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A conductometer, typically a benchtop or handheld electronics device, is a piece of laboratory equipment also known as a conductivity meter. It measures the electrical conductivity displayed by charged ionic solutions. Attached by cable to a single or asterisk-shaped wand of rods made of different materials, this laboratory equipment essentially detects and measures the rate of transmitted thermal, or heat, energy. This device is often used in experimental and manufacturing applications. Sometimes called a quantitative heat conductometer, it performs in many areas of scientific interest where the changing states of liquids matters.
Temperature probes are sometimes placed at specific points to note minute temperature differences of a liquid solution being measured. These rods consist of an array of materials, such as copper, aluminum, steel, and others. Often featuring a simple control keypad and digital readout, a conductometer transmits an electric field between electrodes; it measures the electromagnetic behavior of charged ions in the liquid. Helping to determine chemical changes and other characteristics, the study of such phenomena is known as conductometry.
Ions are electrically charged particles; put simply, they are atoms or molecules that have gained or lost one or more electrons. This renders their net charges as positive or negative. While an ion can refer to a positive or negative particle, an anion is negatively charged and a cation is positively charged.
An electric charge travels between two electrodes of the conductometer and creates an electric field. The particles begin to migrate in this field according to their charges. Opposites attract; anions travel to the anode, or positively charged electrode. Cations run to the cathode, the negatively charged electrode.
As an aside, the anode and cathode terminals of voltaic cells or storage batteries perform similarly. These, however, are negatively and positively charged, respectively. This might explain a little confusion about these terms.
Sometimes, testing itself can interfere with what it measures; running a consistent electrical current through a solution can alter its composition. To avoid polarizing the substance and creating new layers or other reactions, the conductometer applies an alternating voltage through its electrodes. Analysis of the substance can be conducted with an onboard microprocessor. Occasionally, a cradle supports a labware flask to assist in direct measurements. Alternatively, some benchtop units have a spring-jointed or swivel arm similar to a desktop lamp that allows flexible positioning of the wand over a flask.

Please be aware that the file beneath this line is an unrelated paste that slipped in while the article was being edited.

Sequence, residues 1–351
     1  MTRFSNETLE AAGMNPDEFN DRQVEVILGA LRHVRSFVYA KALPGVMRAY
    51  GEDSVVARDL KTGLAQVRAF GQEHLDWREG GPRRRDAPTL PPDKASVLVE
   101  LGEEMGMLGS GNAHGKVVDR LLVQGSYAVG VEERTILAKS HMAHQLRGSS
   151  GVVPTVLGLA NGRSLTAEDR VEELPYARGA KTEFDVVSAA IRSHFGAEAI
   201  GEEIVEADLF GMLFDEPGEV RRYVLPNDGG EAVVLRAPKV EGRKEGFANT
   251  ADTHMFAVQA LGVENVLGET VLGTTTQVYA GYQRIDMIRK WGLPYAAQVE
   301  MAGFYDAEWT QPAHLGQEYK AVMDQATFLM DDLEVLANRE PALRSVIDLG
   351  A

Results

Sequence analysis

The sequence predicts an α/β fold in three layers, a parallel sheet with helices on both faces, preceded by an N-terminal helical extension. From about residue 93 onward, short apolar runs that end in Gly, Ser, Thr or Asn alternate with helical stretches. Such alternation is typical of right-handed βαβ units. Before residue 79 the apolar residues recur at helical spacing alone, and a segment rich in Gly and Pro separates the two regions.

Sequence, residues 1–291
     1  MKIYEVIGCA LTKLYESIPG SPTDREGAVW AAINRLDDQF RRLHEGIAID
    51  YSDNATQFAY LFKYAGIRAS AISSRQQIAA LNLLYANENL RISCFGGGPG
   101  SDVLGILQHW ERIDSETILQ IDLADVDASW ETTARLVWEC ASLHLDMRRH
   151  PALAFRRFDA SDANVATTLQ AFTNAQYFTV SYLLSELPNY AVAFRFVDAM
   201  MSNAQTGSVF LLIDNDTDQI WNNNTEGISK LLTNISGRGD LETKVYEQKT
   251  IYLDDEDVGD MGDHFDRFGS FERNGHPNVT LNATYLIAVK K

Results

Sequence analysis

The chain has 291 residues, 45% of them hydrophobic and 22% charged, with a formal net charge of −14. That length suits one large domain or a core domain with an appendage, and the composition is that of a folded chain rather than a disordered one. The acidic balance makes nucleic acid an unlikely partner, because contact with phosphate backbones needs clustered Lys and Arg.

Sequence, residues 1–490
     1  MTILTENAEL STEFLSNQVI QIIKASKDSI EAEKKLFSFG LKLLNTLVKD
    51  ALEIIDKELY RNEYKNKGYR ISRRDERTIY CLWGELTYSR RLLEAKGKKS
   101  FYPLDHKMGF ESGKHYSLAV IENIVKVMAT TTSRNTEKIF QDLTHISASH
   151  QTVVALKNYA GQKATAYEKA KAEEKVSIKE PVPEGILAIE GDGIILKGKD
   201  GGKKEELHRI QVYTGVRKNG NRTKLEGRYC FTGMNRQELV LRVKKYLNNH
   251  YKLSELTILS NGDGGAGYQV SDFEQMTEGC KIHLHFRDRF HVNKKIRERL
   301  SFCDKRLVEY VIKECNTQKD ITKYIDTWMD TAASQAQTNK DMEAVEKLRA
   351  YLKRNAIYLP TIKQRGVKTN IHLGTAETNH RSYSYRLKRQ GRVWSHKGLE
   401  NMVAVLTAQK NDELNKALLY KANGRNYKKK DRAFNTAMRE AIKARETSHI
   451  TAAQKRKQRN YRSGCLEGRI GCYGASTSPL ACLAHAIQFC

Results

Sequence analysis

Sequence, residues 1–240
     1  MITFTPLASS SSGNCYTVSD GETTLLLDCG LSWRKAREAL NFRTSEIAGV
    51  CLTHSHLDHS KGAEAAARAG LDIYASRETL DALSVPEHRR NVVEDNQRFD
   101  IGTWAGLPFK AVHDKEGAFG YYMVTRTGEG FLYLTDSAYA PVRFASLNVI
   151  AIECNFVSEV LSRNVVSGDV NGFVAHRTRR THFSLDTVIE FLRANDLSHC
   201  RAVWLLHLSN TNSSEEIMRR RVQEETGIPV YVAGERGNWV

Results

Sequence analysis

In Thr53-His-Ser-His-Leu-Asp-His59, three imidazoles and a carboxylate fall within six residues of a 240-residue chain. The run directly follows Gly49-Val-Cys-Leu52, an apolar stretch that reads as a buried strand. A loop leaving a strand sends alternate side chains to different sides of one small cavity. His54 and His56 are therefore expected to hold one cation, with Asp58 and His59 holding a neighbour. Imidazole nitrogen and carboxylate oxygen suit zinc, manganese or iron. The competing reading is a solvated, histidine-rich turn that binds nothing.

Another cylindrical conductometer design allows a self-contained unit to float independently in a solution. Regardless of such design differences, the conductive reading is usually displayed as temperature and range within specified tolerances. One reading is given as a temperature coefficient, which is a kind of numerical constant drawn from a measurement property; other indications can include temperature resolution and accuracy.
Usually, a conductometer can compare specific conductances between different solutions. For example, the conductance of a diluted solution can be compared to a stock solution. This can assist in recognizing factors that change a substance, such as humidity or bacterial growth.
Dissociation, or splitting up of atomic particles, essentially turns liquid into an electrical conductor. This permits studies of resistive capacities, as well as plotting conductance values on a graph to see how conductance corresponds to the concentration of the solution. Such technology helps determine conductivity in any case where the ingredients of liquids have to be examined. It might aid in monitoring bacterial contamination in milk pasteurization processes, to help determine its shelf life, that little sell-by date stamped on milk cartons. Additional uses involve detection of minerals and chemical analyses, the production of semiconductors and printed circuits, as well as pharmaceutical products and many more.